Table 2. Linear probability model examining dependent coverage uptake among young adults aged 19–30, May 2008 to November 2013.
Results for Crowd-Out
To estimate the crowd-out, separate regressions were performed for three additional coverage outcomes (ESI in own name, non-parental-private insurance, and uninsurance). The full results are presented in Appendix Table A1 in Supplementary Material. In addition to the significant increase in dependent coverage uptake (7.4 percentage points) associated with ACA, there were also significant decreases in the uptake of ESI in own name, non-parental insurance, and uninsurance (range from 2.0 to 4.3 percentage points) associated with ACA. Based on the coefficient estimates, the crowd-out is calculated to be 27%, 35%, and 42% according to the three definitions, respectively (Table 3). It implies that every percentage point increase in dependent coverage uptake would result in 0.27 percentage point decrease in ESI in own name; 0.35 percentage point decrease in any non-parental private coverage; and 0.58 percentage point (=1–0.42) decrease in uninsurance (would be 1 percentage point decrease in uninsurance if no crowd-out).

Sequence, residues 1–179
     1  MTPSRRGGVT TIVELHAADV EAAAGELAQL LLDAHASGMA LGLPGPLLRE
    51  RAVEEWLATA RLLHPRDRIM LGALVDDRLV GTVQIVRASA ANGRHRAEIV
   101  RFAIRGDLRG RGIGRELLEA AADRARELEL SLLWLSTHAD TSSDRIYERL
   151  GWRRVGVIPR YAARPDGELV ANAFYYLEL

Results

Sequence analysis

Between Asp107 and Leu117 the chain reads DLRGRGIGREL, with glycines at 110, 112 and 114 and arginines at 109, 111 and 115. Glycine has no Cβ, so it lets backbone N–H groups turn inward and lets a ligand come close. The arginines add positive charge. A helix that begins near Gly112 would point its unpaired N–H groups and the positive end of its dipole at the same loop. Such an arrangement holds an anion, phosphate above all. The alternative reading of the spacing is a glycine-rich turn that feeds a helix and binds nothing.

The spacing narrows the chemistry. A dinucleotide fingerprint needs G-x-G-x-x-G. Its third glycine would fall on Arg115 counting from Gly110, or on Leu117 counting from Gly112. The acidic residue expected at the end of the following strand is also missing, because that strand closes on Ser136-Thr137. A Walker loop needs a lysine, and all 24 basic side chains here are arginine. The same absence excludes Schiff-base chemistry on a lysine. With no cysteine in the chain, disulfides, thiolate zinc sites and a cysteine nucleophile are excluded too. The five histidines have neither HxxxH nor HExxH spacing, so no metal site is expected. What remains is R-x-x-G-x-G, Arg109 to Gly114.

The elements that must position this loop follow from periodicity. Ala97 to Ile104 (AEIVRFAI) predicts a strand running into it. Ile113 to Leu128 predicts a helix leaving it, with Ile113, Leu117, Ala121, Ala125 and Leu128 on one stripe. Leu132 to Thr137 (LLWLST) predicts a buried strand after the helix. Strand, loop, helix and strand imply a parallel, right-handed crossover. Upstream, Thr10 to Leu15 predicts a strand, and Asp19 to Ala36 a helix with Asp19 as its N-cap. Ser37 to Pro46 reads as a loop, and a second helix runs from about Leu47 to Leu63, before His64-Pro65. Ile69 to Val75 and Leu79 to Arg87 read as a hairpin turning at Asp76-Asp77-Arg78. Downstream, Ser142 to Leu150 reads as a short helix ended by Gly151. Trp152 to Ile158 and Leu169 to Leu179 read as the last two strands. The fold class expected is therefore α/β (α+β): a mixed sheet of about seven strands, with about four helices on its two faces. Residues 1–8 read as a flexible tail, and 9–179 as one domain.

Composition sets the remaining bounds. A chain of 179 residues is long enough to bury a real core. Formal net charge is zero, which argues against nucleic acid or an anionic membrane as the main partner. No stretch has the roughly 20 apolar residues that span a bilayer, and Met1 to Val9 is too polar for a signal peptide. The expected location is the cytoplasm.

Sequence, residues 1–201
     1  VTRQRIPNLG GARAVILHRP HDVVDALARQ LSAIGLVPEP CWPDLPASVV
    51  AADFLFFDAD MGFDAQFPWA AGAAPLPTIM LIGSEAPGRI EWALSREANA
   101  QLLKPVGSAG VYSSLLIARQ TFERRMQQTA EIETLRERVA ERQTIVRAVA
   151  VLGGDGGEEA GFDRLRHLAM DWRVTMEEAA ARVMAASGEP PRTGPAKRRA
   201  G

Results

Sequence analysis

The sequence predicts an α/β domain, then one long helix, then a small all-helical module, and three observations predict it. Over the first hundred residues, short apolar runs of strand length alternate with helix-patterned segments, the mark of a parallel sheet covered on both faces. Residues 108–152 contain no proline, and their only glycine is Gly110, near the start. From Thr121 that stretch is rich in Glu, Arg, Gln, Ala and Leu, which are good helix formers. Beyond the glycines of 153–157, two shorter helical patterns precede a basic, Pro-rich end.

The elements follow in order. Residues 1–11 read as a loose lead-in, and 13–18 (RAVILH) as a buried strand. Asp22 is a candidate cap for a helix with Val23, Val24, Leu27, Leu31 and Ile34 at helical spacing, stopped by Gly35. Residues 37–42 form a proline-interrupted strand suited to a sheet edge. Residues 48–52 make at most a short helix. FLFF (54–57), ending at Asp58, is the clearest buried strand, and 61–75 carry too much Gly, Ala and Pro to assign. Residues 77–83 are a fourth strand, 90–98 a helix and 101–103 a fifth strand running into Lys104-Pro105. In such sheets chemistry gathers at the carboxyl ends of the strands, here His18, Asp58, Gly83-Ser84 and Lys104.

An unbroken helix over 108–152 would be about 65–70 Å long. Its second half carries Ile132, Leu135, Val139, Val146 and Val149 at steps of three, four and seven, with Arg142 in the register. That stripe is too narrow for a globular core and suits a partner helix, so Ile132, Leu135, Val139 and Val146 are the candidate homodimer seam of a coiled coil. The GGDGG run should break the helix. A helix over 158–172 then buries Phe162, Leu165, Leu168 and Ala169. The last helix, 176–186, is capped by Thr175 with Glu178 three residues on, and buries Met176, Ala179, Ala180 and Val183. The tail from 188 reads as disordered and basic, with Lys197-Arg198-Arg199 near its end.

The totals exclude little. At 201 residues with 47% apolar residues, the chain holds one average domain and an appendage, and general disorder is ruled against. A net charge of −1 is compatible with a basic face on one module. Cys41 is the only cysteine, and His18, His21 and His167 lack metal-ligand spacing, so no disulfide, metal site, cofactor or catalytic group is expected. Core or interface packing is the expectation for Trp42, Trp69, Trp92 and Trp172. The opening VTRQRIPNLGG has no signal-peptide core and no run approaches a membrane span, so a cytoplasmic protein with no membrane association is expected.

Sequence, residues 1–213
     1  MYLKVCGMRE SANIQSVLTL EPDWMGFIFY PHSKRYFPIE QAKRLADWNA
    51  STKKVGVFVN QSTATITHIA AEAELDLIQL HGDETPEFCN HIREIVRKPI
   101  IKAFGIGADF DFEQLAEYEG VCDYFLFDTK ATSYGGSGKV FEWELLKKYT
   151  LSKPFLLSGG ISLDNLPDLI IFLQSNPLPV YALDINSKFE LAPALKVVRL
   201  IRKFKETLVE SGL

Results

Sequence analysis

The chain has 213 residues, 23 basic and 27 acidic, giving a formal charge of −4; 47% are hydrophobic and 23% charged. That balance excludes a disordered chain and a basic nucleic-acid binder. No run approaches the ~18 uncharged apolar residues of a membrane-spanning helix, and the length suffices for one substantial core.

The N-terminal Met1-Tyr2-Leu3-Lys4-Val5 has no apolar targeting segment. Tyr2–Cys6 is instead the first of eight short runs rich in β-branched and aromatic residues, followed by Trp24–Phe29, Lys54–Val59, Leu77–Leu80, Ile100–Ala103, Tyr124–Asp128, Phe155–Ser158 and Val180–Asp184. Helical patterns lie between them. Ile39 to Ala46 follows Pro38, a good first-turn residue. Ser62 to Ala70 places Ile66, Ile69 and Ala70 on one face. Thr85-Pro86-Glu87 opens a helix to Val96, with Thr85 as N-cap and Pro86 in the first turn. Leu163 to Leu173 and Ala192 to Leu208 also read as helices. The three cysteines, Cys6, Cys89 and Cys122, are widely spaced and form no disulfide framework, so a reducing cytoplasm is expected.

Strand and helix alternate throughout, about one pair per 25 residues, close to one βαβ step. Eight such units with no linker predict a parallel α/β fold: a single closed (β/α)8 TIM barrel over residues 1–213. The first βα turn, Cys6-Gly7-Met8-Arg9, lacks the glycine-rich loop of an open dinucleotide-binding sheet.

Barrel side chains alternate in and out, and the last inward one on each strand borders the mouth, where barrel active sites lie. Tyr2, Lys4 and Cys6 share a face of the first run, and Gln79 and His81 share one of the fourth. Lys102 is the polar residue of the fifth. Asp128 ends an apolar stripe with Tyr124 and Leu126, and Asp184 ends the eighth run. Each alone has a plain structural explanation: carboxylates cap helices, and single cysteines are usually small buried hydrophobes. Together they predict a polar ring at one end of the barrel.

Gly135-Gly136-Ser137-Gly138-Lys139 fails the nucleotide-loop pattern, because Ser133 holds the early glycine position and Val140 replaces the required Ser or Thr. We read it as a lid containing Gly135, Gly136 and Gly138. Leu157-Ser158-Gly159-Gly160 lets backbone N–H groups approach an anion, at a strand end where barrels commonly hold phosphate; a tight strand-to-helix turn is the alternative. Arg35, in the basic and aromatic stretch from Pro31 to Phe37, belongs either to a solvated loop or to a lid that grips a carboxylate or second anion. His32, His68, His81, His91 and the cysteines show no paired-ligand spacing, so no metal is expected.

Results for Coverage Duration
The Weibull regression in PH form was used for the duration analysis. The survival curve (Figure 2) depicts the likelihood of remaining under dependent coverage by month after enrollment. Among those ever had dependent coverage during May 2008 to November 2013, over 60% remained covered at 12 months after enrollment. The likelihood went below 40% at 24 months. By 36 months, the likelihood of remaining under dependent coverage was around 25%. Therefore, over half of young adults dropped the coverage within 2 years. It implies that they tended to use the dependent coverage as a short-term option.
The Weibull regression result predicting the dependent coverage duration is shown in Table 4. The reported hazard ratios represent the hazard of losing dependent coverage. An estimate of value greater than 1 means increased hazard (therefore shorter duration) and a value less than 1 implies reduced hazard (therefore longer duration).
Table 4. Weibull regression for the duration of dependent coverage among young adults aged 19–30 who had ever covered by parent’s plan, May 2008 to November 2013.